"Yer can make it as fur as yer
"Well, then, since you're so par
ticular, how near is it ?"
'Oh, I ain't particular, stranger.
It's twenty-five yards.''
"What, from here?"
"No, not frum here. Yer didn't
ask how rear frum "
"That's whar I'm lookin'."
"Why don't you answer a question
'"Why don't yer ax it squar ?"
The engiueer sat for a time drum
ming on the end of a log and smoking
his pipe. After awhile, looking up,
he asked :
"There are a number of bluffs be
tween here and Berry's Cove, aren't
"Now you'r shoutin'. Twixt here
an' thar lives an ole feller named
Jack Spellers. He's the bigge3' bluff
yer ever seed, but it s all blutr. &t
yer sit down with him he 11 try ter
"bluff yer, but keep ver eye on the
cards an' hole him down. I ain't no
great snakes at poker, but he couldn't
"I've got enough of you," said
the engineer, "vou may go."
'I wus here fust, stranger, an' if
yer want anybody ter go, go yersef.
"You are the biggest fool I ever
"Like ter see a bigger one, wouldn't
"Yes I'dSralk five miles to see a
"Wall, yer needn't go quite so fur ;
lis' go down thar ter that spring an'
look in. Good-day, stranger, wish
yer well, but ef the Lord don't im
prove in his likes towards ver, my
frien', you'll far' mighty poorly when
the trumpet blows."
A Greeley Reminiscence.
Ben Van Houten, Greeley's old
be.l-boy, is driving a milk wagon in
New Jersey. He was 6 feet high
when in the Tribune service, and he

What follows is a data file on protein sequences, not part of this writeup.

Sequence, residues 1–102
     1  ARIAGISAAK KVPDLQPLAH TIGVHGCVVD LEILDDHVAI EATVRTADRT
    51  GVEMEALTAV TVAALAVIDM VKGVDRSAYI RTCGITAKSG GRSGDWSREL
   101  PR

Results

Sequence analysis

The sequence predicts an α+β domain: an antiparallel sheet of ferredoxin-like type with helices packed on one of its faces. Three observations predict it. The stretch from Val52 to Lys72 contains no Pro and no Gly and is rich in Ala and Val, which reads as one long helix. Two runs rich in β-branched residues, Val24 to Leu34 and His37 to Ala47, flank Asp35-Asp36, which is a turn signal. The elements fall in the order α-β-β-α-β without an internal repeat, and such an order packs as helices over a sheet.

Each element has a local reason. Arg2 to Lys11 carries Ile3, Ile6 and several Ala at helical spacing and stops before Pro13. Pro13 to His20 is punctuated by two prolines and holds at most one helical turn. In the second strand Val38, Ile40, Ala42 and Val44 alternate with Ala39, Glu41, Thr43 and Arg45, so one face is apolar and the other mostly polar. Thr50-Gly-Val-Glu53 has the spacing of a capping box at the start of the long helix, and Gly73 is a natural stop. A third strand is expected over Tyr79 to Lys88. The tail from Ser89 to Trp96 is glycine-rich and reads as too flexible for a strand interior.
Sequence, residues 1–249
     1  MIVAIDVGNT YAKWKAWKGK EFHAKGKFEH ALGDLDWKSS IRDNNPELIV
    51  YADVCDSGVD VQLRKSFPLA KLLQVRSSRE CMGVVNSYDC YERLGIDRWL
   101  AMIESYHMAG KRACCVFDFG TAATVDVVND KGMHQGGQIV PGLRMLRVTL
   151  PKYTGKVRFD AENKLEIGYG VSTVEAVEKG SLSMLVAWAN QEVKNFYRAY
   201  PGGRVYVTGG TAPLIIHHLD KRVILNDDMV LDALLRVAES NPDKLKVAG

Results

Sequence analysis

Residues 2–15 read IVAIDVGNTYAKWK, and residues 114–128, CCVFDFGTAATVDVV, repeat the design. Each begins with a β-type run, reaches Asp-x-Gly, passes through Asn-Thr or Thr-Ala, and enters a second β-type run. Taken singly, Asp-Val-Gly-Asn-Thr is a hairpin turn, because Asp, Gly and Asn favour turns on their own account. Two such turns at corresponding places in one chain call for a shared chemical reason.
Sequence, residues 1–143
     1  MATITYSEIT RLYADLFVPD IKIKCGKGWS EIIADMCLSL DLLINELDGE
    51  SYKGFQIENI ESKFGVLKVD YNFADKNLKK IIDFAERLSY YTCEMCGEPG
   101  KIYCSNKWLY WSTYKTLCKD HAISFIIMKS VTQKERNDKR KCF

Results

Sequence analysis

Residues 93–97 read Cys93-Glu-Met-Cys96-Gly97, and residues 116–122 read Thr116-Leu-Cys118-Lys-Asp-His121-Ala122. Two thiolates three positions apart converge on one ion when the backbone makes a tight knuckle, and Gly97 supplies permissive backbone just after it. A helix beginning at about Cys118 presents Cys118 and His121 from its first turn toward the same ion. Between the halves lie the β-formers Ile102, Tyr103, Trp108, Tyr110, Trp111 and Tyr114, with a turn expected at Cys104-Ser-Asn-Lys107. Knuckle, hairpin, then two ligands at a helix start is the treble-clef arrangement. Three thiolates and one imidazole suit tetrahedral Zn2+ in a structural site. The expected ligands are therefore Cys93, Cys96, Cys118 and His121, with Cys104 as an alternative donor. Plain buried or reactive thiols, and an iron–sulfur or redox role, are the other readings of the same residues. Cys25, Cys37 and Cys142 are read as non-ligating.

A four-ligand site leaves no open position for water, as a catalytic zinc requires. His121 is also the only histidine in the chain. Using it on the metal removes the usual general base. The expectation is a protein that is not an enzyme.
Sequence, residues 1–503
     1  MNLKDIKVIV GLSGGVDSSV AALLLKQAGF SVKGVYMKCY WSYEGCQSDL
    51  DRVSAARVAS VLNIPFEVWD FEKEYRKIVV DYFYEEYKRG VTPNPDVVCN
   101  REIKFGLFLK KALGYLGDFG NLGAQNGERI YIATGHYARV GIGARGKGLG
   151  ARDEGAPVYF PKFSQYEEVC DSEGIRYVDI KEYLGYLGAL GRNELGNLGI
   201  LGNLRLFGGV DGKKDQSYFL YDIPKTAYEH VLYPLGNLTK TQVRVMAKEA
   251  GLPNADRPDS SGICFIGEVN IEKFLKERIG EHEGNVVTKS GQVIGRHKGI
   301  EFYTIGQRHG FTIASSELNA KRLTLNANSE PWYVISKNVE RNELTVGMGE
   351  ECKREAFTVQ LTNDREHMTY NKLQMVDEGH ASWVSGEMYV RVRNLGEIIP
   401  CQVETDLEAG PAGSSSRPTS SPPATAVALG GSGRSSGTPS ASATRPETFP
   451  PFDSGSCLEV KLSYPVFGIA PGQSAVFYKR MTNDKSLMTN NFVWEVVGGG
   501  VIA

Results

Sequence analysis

had eyes like goggles and a hand like
the hand of providence.
Bub, said Horace to him, as he en
tered his sanctum one night. I want
to write for an hour or two, and I
don't want to be bothered. Keep
all the bums out of my room.
1 e3, Mr. Greeley. Ben replied in
a hoarse voice, for he had a voice
like a bull of Basham.
Within half an hour Ben Bruce,
Dennis McLaughlin, and several
others political gadflies tried to buzz
their wav to the old man s room, but
were summarily squelched by ben.
Finally. Senator Henry Wilson, of
Massachusetts, entered. He had
been on a campaign tourm Indiana,
and he wore the dirtiest duster and
slouch hat that had been seen in New
York since the departure of the
Pendleton escort in lSbb. lhe sena
tor dropped his carpet-bag and ad
vanced toward the open door of
Greelev's sanctum, whence he was
confronted by Ben.
W here are you going I blurted the
I'm soing to see Mr. Greeley ? the
Not much you ham t. roared lien,
elevating his voice soa3 to make him
self solid with Horace. Git righto'
here, or I'll help vou out.
General Wilson was dumbfounded.
His face, usually red, wa3 made red
der by Ben's manner.
Won't you be so kind as to take
my name in to Mr. Greeley? he
Ben looked hard at him and asked
his name, Wilson, was the reply.
Well, said Beu, I'll go in and see
if he wnts to see you.
He returned in fort seconds, more
aggressive than ever.
It's just as I told you, he roared.
He won't see you ; now, d n you,
git out o' here.
Wilson turned to Amos Cuinming3.
night editor, who lay back in his
chair, bursting with suppressed emo
tion. What's the matter, General? he
Senator Wilson, explained, while
Ben looked on in astonishment.
There must be some mistake, the
night editor remarked, and I'll take
you in and introduce you to Mr.
They entered the great editor's sanc
tum together. Horace sat at his high
desk, with eyes close to the manu
script, scratching away like a hen on
a fresh sand-heap
Mr. Greeley, said Amos, here's
Senator Wilson. You refused to see
him just now.
There was a moment of silence.
Horace scratched away without look
Well, he piped in a shrill alto,
without removing his pen, the boy
said that a d -d old bum named
Wilson wanted to see me, and I
bought it was Billy Wilson. The
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W. D. STEELE
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Office : Boom No. 5 Porter1 Block.
SE1DAI.T A TVTO